To initiate the debate, below, we list various forms of inter-operability. It is not claimed that this list is complete, nor that the WG will subscribe to any of these notions of inter-operability.

1. Lossless bidirectional conversion between representations

Let PROV-X and PROV-Y be two concrete syntax of PROV-DM, the following properties are desirable:

  1. Any serialization x in PROV-X MUST be convertible to a serialization y in PROV-Y (conventionally written y=toY(x) )
  2. Any serialization y in PROV-Y MUST be convertible to a serialization x in PROV-X (conventionally written x=toX(y) )
  3. Conversions are lossless:
    1. For any serialization x in PROV-X, toX(toY(x)) =x x where =x denotes equivalent representation in syntax PROV-X
    2. For any serialization y in PROV-Y, toY(toX(y)) =y y where =y denotes equivalent representation in syntax PROV-Y

The PROV-WG has to ensure that all normative serializations are compatible with PROV-DM. Hence, lossless bidirectional conversion with PROV-ASM is also desirable.

Note that PROV-X/PROV-Y can be any implementation of the PROV-DM, including a proprietary solution, importing/exporting provenance.

2. Inference Preservation

Let PROV-X and PROV-Y, two technological mappings of the data model, with inference capabilities.

For any set of assertions X in PROV-X, if X |-x X' if only if toY(X) |-y toY(X')

For any set of assertions Y in PROV-Y, if Y |-y Y' if only if toX(Y) |-x toX(Y')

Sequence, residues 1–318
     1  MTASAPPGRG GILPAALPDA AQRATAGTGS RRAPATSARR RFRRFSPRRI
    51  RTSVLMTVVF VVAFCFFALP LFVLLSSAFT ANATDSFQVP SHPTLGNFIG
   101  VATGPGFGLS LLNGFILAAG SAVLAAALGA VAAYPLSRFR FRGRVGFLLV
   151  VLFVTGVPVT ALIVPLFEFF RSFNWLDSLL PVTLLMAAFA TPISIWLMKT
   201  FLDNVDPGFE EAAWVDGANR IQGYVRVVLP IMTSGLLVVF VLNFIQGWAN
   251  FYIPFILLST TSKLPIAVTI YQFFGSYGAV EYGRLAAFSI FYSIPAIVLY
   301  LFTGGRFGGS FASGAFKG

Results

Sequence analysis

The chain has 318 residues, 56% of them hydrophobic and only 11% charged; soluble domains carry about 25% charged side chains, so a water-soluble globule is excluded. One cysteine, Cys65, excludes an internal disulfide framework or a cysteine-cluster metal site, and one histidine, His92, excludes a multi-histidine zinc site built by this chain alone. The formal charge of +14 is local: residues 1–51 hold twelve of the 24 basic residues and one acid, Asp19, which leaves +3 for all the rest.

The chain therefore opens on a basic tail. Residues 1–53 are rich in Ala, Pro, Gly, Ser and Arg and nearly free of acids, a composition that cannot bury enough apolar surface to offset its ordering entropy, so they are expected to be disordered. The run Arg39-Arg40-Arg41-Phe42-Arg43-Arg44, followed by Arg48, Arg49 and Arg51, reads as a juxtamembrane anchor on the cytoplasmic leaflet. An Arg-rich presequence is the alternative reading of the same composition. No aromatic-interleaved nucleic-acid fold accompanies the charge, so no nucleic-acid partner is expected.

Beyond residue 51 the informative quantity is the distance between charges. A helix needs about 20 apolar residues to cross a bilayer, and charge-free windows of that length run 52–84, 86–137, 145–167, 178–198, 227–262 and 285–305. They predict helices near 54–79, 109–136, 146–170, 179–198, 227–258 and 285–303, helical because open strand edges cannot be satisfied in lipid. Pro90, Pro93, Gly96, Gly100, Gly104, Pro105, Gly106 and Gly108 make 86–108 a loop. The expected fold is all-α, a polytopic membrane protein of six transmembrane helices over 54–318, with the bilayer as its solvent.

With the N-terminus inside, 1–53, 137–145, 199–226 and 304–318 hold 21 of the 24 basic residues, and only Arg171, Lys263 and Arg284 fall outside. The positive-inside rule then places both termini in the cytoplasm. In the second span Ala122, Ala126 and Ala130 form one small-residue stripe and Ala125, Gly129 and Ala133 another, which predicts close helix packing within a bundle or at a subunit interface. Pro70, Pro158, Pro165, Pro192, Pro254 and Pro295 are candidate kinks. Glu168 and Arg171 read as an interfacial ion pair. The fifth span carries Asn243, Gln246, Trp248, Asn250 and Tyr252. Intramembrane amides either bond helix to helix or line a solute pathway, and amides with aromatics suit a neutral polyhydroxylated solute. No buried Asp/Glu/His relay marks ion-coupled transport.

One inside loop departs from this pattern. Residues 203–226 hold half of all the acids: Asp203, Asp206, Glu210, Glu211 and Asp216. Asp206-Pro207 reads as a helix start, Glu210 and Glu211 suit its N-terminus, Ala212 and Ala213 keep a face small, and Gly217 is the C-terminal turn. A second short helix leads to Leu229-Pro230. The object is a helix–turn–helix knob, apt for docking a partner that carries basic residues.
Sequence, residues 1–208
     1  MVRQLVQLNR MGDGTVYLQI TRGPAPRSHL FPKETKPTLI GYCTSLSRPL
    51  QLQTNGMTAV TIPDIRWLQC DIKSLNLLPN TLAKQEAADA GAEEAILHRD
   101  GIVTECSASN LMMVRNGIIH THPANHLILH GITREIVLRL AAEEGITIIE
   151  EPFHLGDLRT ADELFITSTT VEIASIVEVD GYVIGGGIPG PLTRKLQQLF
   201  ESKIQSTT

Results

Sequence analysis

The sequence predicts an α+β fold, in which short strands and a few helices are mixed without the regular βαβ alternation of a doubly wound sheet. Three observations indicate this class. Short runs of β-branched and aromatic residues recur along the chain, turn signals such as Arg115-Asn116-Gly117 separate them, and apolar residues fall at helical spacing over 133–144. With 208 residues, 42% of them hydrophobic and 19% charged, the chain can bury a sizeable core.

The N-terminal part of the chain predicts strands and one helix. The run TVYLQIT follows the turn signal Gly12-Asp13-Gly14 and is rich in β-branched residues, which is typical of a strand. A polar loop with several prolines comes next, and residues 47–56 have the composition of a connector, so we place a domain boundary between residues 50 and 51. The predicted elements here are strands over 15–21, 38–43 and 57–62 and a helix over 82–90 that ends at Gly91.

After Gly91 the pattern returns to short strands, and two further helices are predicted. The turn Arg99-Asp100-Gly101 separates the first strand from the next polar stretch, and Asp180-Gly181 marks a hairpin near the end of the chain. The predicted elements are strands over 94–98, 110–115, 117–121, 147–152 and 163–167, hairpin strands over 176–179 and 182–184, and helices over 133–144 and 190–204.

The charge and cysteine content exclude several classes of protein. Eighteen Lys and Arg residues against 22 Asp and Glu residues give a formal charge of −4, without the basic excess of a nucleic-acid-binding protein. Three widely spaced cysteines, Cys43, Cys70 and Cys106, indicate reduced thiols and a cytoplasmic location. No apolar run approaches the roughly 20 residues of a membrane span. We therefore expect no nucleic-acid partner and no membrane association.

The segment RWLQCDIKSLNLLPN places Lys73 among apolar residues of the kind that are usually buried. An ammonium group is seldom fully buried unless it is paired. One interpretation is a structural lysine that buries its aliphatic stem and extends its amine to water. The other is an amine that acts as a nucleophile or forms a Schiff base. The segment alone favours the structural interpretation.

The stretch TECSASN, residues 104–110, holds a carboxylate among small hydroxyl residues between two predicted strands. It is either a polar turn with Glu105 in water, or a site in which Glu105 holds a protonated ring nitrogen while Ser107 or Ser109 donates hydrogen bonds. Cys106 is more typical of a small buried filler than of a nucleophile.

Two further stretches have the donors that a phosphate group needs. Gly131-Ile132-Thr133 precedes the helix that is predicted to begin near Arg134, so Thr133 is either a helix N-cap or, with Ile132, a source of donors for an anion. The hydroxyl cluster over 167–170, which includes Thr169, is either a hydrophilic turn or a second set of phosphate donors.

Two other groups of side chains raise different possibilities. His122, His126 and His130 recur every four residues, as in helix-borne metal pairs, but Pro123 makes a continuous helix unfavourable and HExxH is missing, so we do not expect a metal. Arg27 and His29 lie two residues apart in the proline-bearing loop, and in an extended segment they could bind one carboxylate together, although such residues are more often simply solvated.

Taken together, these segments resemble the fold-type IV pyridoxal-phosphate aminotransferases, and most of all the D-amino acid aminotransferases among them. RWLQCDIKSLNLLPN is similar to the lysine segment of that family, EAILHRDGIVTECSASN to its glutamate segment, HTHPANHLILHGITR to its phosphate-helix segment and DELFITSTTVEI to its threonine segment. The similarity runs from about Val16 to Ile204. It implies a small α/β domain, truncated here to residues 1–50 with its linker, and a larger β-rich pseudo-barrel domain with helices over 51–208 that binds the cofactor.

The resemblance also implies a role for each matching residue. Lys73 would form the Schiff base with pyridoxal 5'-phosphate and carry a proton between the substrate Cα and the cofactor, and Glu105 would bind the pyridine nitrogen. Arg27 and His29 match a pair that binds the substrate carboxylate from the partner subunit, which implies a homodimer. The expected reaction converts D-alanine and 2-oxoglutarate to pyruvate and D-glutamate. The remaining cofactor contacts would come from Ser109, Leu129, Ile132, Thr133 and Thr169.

3. End-to-End Multi-System Inter-Operability

Let us consider, three different systems with technologies S1, S2 and S2, and exchanging information in a manner conformant to PAQ Document,

 Given a data result produced, by S3, can all the relevant provenance generated 
 from S1, S2, S3 be accumulated in a single repository?

Interoperablity queries:

  1. Can all the entity expressions, with a given type, it dependedOn be retrieved? Can resources they denote by identified?
  2. Can all agents involved be returned?

4. Reuse of URLs for terminology

To be interoperable, serializations should use the same set of urls to define terms. Thus, when looking up a url in any serialization one is lead to the same definition. This means that no matter what serialization a developer can be sure that the terminology has the same meaning. Can we do this? Does this prevent us from doing things correctly in RDF?

5. Validator

A validator could check that a PROV ProvenanceContainer in one of the supported formats (say PROV-ASN, PROV-O)

a) Is syntactically valid b) Is semantically valid

Testing a) depends on the format.